scorecardRobots are already working in fast-food restaurants - here's exactly what they're doing right now
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Robots are already working in fast-food restaurants - here's exactly what they're doing right now

Robots are already working in fast-food restaurants  - here's exactly what they're doing right now
Retail3 min read

McDonald's Kiosk

Hollis Johnson/Business Insider

There's a new way to get your grub - and it may be a good thing for fast-food employees.

Meet the newest fry cook at the US burger chain CaliBurger: Flippy. This robot, which will be installed in up to 10 of CaliBurger's 50 locations, can turn patties on a grill and clean it.

The Wall Street Journal recently profiled Flippy and its automated peers at fast food joints nationwide. The conclusion: Technology in fast food establishments isn't replacing workers - it's filling an expanding hole in the labor market.

As Business Insider reported in May, fast food employee turnover rates have hit a record high.

A restaurant that employs 20 people can expect to see 30 workers in the span of a year. The unemployment rate for restaurant workers is also the lowest on record, according to Labor Department data reported by the Journal.

Dunkin' Donuts CEO Nigel Travis previously told Business Insider's Kate Taylor that fast food's labor shortage is the industry's biggest crisis this year.

"In this market, employees will leave if they have one bad day," Patrick Sugrue, the chief executive of Saladworks, told the Journal. "If that happens, having this technology in place makes it easier to deal with."

Here's where robots are filling the labor gaps:

Robots make food preparation easier for fast-food workers

CaliBurger's Flippy does just what the name describes - it flips burgers, easing the chain's need for more line cooks.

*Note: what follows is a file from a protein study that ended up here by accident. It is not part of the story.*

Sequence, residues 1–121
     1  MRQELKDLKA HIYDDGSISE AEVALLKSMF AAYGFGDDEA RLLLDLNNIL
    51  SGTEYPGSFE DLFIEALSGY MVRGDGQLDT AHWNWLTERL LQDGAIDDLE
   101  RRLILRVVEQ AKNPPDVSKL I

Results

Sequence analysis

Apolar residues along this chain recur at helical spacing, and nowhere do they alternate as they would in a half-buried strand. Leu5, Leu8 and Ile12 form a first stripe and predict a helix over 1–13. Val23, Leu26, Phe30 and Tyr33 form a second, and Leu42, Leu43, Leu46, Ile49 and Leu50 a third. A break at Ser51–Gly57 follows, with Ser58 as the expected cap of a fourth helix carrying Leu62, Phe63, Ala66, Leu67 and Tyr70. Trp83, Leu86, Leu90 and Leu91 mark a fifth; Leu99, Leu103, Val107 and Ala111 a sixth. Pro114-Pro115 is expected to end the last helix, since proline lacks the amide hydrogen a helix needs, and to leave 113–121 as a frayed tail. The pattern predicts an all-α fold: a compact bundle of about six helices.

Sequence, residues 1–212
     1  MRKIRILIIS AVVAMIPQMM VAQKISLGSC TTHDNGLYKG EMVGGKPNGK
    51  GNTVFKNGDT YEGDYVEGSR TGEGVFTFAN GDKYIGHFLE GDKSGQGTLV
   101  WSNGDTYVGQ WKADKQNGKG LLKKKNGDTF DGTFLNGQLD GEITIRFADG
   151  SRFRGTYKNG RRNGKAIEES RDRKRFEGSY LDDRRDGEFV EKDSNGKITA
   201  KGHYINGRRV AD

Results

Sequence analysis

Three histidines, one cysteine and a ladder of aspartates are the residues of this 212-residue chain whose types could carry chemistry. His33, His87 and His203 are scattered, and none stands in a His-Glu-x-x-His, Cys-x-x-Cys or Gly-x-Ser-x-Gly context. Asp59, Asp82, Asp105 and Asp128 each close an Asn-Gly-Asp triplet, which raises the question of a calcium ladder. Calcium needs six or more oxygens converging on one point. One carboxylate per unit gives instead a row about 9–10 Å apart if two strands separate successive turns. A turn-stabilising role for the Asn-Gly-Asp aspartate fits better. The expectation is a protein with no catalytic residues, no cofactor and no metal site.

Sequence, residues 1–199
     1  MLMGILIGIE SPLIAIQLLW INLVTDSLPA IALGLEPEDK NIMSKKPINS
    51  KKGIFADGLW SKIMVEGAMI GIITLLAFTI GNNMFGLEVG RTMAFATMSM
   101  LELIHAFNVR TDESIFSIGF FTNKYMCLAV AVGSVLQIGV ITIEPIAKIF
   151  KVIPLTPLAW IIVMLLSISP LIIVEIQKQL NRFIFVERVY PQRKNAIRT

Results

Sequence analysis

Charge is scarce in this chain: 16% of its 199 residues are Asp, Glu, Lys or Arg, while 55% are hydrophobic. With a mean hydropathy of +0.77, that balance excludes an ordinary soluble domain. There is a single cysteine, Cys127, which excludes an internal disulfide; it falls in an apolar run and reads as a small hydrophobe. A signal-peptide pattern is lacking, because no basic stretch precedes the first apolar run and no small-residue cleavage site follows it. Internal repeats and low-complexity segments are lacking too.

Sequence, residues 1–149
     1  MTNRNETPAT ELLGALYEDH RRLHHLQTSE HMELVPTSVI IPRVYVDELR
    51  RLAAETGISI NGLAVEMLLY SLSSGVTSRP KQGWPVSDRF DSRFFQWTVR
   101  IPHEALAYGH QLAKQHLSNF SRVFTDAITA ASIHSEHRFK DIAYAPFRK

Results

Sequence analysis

Arby's has also installed ovens that roast its beef and automatically switches to holding mode, according to the Journal.

"That allows night crews to begin cooking for the next day's lunch before leaving, eliminating the need for morning employees to arrive at 7 a.m. to begin the three-hour roasting process," the Journal reported.

Some Dunkin' Donuts shops have devices that grind and weigh coffee beans and assess the grind's coarseness, the Journal reported. Some shops also have terminals that print out expiration times for different foods, rather than requiring workers to write the expiration labels by hand.

Self-service kiosks free up employees' time to drive more business

Panera and McDonald's are leading the charge on self-service kiosks.

At Panera, the cashiers that may have taken customers orders in the past may be reassigned to delivering food to tables or food preparation. "There's a craft to making food, and that's hard to replicate with robotics," Panera Chief Executive Blaine Hurst told the Journal.

Shake Shack kiosk Astor Place

Shake Shack

Thanks to kiosks freeing up some labor, McDonald's has also expanded into table service.

The restaurants report that kiosks have also helped both chains expand their delivery. Take-out, Delivery, drive-thru, catering, and other off-premise orders now comprise 62% of Panera's business - an important new source of revenue, as Business Insider's Taylor previously reported.

Other brands have experimented with concept stores. An entirely human-free KFC in Shanghai has friendly robots who take customers' orders.

Grimey cleaning tasks are becoming a thing of the past

CaliBurger's Flippy can not only turn burgers on the grill, but the robot can also clean the grill after use.

Wendy's has implemented a slew of self-cleaning machines, according to the Journal. In order to remove the need to clean bacon grease off of stoves, some locations have installed self-cleaning ovens.

Complicated dishwashers have been replaced with new machines that cost $6,500, according to the Journal. It saves nearly ten hours of labor per week to ensure bowls, spatulas, and other food prep utensils are clean.

Read the entire report at The Wall Street Journal.